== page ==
This paper focuses on the electric circuit model of the railway supply system and locomotive to analyze the conducted effects of arc events at the sliding contact. The characterization of the arc voltage waveform is backed up by an intense preliminary laboratory activity. The comparison between simulated and measured pantograph voltage and current shows which electric parameters are relevant to identify the characteristic dynamic responses of the system, to use as electric signature of arc events.
A non-negligible amount of active power is carried also by harmonic (or, in general, spectral) terms, especially for highly distorted systems, such as electrified ac railways. The paper considers the distribution and correlation of these spectral active power terms, including train operating conditions, and gives criteria to select and group harmonic power terms. Several processing and display techniques are used to this aim: scatter histograms for joint probability, correlation coefficients, V-I maps. Results are shown and discussed for the Swiss 15 kV 16.7 Hz railway, using measured pantograph voltage and current quantities.
Highly dynamic and distorting loads like electrified trains have complex power flow schemes, with active power not exclusively assigned to the fundamental (either dc or ac). The estimate of energy consumption shall thus cover the most relevant power spectral terms, in order to adequately track and quantify the active power flow. This work investigates the dynamic behaviour of two distortion power indexes calculated with the pantograph quantities, voltage and current, using experimental recordings performed over some European railway networks (3 kV dc, 2x25 kV 50 Hz and 15 kV 16.7 Hz). The results show the relevance of a reduced set of components and the strong correlation with train operating conditions. The relevance is significant for ac systems, and in particular 16.7 Hz systems.
The electrical arc occurring in the sliding contact between the supply contact line and the current collector (pantograph) of an electrical locomotive is a fast transient phenomenon able to degrade progressively the line-to-pantograph contact quality and, consequently, the continuity of operation. In order to increase the energy efficiency of the railway system, an inexpensive solution is constituted by the detection of the arc event by the analysis of voltage and current measurements already available on-board train. An essential activity to reach this objective is to set up a reliable electrical model of the railway system in which the arc events originate. To this end, this paper presents a combination of experimental and simulation analysis for the development of an electrical model of a direct current (dc) 3 kV railway system, which is aimed at better understanding the propagation of conducted effects generated by arc events. First, a laboratory experimental activity is carried out to investigate the electrical dynamic characteristics of the arc in a controlled environment. Then, a model of the dc railway system is derived and validated by using the experimental data collected in a measurement campaign on-board train. Finally, a sensitivity analysis of the main model parameters is carried out.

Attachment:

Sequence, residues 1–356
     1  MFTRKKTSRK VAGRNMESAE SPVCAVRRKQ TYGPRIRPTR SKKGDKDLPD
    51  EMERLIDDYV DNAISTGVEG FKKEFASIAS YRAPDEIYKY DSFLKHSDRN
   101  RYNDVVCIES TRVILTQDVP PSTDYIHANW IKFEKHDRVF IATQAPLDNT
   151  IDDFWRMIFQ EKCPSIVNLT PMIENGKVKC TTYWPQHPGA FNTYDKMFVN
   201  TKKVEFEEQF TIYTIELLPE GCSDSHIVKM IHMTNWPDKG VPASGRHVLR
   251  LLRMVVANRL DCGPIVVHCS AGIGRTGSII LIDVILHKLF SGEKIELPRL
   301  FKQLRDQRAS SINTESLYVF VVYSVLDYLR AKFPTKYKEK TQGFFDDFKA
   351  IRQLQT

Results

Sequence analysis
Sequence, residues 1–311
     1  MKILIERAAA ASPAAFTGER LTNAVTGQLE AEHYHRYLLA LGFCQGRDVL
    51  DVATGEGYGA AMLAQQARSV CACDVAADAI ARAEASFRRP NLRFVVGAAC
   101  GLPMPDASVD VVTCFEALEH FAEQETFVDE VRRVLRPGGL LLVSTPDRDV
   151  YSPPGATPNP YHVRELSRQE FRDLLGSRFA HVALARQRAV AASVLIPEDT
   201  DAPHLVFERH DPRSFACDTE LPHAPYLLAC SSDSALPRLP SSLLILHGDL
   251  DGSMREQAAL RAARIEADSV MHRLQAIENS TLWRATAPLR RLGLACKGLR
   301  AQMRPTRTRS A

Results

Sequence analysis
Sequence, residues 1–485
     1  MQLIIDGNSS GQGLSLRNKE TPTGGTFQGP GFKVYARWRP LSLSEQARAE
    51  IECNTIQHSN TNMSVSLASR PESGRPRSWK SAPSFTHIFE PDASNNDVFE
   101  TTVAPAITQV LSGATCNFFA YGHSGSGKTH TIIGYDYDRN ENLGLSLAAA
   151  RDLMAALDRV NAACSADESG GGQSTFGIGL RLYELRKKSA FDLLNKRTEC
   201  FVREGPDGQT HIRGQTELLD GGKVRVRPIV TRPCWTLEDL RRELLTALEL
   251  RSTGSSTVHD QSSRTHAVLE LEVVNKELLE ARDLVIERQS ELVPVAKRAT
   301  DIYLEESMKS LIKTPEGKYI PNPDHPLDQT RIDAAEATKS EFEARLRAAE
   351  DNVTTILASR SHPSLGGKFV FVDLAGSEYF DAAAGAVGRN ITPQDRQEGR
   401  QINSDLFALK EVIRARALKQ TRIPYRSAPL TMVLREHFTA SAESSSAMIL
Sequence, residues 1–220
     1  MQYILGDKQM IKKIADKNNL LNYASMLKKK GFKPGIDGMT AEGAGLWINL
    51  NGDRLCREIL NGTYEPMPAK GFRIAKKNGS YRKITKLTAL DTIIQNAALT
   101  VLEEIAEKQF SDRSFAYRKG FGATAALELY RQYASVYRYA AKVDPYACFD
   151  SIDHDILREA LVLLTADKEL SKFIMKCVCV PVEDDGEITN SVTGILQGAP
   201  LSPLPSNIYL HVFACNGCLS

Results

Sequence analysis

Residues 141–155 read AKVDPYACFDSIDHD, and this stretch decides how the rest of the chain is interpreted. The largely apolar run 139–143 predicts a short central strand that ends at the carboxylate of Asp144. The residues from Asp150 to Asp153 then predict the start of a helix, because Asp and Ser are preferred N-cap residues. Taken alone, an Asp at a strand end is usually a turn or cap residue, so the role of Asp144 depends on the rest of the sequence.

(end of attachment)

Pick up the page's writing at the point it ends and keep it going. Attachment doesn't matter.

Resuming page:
The recordings of the pantograph voltage and current waveforms across Italian and French high speed railway lines (both Autotransformer 2x25 kV 50 Hz systems) are analyzed to estimate some Power Quality indexes: harmonic spectra, harmonic distortion, displacement factor and fundamental component, in various rolling stock operating conditions. These indexes, that define the electrical interface between the rolling stock and the power supply, are all relevant in order to assess both the impact of the rolling stock on the network and the suitability of the latter to ensure agreed performances (electrical interoperability).
The dc voltage fluctuation (sometimes referred to as ripple) is considered for the pantograph voltage on dc railways. Some indexes and processing techniques are considered to evaluate steady state and transient phenomena: Ripple Index based on time and frequency domain expressions, DFT and wavelet analysis. Copyright © 2011 by the International Measurement Confederation (IMEKO) All rights reserved.
The pantograph voltage and current waveforms recorded across the Italian and French high speed railway lines (both Autotransformer 2×25 kV 50 Hz systems) are analyzed to estimate some Power Quality indexes: harmonic spectra, harmonic distortion, displacement factor and fundamental component, in various load conditions. These indexes, that define the electrical interface between the rolling stock and the power supply, are all required by the technical standards for interoperability.